Through our partnership with the Reputation Institute, we offer reporting and advice concerning your company's reputation based on the global Reputation Quotient Project. By combining RQ results with our own expertise and other measures, the Corporate Communication Centre can offer you unique knowledge in the field of reputation management.
Reputation Institute has been studying the dynamics of Reputation for more than 10 years. Research shows that a well-regarded company is more likely to:
- be liked;
- be trusted;
- be admired;
- and esteemed.
Reputation is built on 7 pillars from which a company can create a strategic platform for communicating with its stakeholders on the most relevant key performance indicators.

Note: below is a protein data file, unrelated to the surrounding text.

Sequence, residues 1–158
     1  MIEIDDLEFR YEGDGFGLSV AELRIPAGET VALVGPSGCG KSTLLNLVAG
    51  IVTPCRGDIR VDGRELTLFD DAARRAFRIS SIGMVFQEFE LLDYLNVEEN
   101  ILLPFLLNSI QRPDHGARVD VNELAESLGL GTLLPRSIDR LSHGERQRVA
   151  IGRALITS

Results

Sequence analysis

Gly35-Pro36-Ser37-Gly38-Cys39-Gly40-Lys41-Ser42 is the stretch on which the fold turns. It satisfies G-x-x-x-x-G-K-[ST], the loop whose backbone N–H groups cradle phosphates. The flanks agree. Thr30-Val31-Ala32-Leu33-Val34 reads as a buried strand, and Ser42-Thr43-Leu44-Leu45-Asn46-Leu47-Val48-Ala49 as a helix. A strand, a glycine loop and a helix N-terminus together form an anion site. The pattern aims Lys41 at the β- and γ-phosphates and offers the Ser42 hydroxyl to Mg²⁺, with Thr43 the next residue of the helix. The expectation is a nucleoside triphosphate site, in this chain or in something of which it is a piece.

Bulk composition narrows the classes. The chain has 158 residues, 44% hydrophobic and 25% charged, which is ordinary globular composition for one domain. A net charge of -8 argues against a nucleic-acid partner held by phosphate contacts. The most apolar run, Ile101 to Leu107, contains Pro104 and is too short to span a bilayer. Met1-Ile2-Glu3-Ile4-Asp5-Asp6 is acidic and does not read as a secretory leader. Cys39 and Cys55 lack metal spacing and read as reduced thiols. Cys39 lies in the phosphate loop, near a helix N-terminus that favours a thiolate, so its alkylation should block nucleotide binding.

For more information about this RepTrak model, see applied research.
Some articles about Corporate Reputation are list here below:
- Gertsen, Fred H.M., Van Riel, Cees B.M. and Berens, Guido A.J.M. (2006) "Avoiding Reputation Damage in Financial Restatements", Long Range Planning, 39 (4): 429-456.
- Eccles, Robert G., Grant, Robert M. and Van Riel, Cees B.M. (2006) "Reputation and Transparency: Lessons from a Painful Period in Public Disclosure", Long Range Planning, 39 (4): 353-359.
- Berens, G.A.J.M., & Riel, C.B.M. van (2004) "Corporate Associations in the Academic Literature: Three Main Streams of Thought in the Reputation Management Literature", Corporate Reputation Review, 7(2), 161-178.
- Fombrun, C., & Riel, C.B.M. van (2004). Managing Your Company's Most Valuable Asset: Its Reputation. CRITICAL EYE, sep-oct, 71-74.
- Heugens, P.P.M.A.R., Riel, C.B.M. van, & Bosch, F.A.J. van den (2004). Reputation Management Capabilities as Decision Rules. Journal of Management Studies, 41(8), 1349-1377.
Please visit the Reputation Institute website or contact us for more information.